The Loudoun County Planning Commission earlier this year gave AT&T the green light to build its massive facility, towering as high as 35 feet at the top of Short Hill on the ridge between Hillsboro and Lovettsville.

However, rural western Loudoun is protected by the county's Comprehensive Plan which includes developments such as data centers.

Planning Commissioner Eugene Scheel (Catoctin), who voted against the project’s approval, says that after reading the report presented to the commission by the applicant and the Department of Planning and Zoning staff he began to wonder ”who let that through?”

"I would say [the report] was not put together in a studied manner,” Scheel said. "A studied manner would say that this is something that needs to be dealt with considering its importance … with a little bit more thought than the initial report seemed to indicate."

Scheel said that the commission had incorrectly stated that most of the project would be built in the Blue Ridge district, when, in fact, the project was mostly in the Catoctin district.

“That immediately showed me that there really wasn't much care putting this together because most of it's in Catoctin and very little in Blue Ridge,” Scheel said. “And there were other sort of inconsistencies when I read the report very carefully that gave me the opinion that it was somewhat put together in less than a studied manner."

Planning and Zoning Director Ricky Barker, however, said that he didn't feel there was anything outstanding that would have caused him and his staff any delays before presenting the planning commission with its report.

Photos of the facility built on Short Hill Mountain by AT&T in the 60s have surfaced on defense and communications boards on the internet. One photo shows installations, now removed or in disuse, that includes an entrance to a bunker and decontamination chamber (Q), security stations (P). pop-up vehicle barrier (L), satellite dishes (T) and parabolic microwave antenna (clusters at top left). Detailed information about the facility has ever been revealed publicly.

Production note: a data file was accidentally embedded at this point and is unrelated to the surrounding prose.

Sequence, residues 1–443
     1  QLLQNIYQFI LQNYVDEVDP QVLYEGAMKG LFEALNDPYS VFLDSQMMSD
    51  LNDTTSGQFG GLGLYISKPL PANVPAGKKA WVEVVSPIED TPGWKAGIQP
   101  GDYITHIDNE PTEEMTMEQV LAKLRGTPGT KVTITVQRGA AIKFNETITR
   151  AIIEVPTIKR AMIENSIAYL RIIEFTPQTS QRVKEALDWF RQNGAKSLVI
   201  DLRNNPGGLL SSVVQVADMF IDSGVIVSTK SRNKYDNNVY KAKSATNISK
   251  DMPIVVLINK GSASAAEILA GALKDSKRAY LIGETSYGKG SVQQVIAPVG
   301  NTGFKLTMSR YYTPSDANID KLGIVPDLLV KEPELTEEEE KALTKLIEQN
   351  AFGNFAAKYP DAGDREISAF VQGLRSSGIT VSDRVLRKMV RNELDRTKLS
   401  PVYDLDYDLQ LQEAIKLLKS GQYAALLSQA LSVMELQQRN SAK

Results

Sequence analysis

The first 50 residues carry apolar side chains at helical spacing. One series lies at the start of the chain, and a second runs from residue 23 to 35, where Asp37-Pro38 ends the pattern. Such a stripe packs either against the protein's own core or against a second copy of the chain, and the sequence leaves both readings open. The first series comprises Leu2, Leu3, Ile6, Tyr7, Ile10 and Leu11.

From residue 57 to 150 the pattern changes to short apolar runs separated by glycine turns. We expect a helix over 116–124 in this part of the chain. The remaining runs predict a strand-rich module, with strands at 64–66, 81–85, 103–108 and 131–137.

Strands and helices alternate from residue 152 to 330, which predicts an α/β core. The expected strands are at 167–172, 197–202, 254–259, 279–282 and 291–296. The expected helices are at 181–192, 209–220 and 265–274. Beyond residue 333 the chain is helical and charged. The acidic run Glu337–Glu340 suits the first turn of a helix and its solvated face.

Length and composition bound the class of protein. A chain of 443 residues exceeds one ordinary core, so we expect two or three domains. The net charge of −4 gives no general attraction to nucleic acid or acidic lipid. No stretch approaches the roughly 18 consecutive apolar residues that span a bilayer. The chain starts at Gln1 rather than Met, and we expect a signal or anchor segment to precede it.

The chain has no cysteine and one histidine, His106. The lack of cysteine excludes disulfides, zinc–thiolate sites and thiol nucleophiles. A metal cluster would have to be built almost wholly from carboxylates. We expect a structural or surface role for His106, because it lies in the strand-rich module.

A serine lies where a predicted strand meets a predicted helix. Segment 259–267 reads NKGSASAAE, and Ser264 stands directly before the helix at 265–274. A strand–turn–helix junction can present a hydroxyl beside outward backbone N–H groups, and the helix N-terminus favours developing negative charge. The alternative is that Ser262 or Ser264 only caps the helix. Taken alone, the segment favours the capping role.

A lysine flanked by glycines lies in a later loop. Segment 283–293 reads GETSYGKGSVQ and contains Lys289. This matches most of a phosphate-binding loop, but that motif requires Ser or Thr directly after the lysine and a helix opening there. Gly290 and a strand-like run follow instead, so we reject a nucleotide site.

Data center to ‘utility substation’


Originally, two firms representing AT&T-- Walsh Colucci Lubeley Emrich & Walsh PC and Parsons Environment and Infrastructure Group, Inc. -- asked the county for two special exception applications to expand its “existing telecommunications facility.” But that request changed when Loudoun County Zoning Administration Planner Brian Fish asked the applicant to clarify whether it was building a data center or a “Telecommunications Use and/or Structure,” and if the telecommunications use had been discontinued for two years or more.

A special exception application would have allowed the applicant to be approved based on the specific zoning district they applied in, while a commission permit application requires the applicant to prove the project is a street, park or other public structure or public utility and in line with Loudoun’s Comprehensive Plan.

Christine Gleckner, a land use planner with Walsh Colucci Lubeley Emrich & Walsh PC, in February, responded that after “discussion with staff regarding the existing use,” they decided the application would now be for a “telephone transmission utility substation” – a facility that the AR-1 zoning district permitted.

County staff had also pressed the firm about issues related to the special exception applications including whether the application was consistent with Loudoun County’s Comprehensive Plan; compatible with other existing uses in the area such as agricultural and residential properties; if it would protect the mitigate impact on the environment and whether it would contribute to the welfare or convenience of the public and be served by public utilities.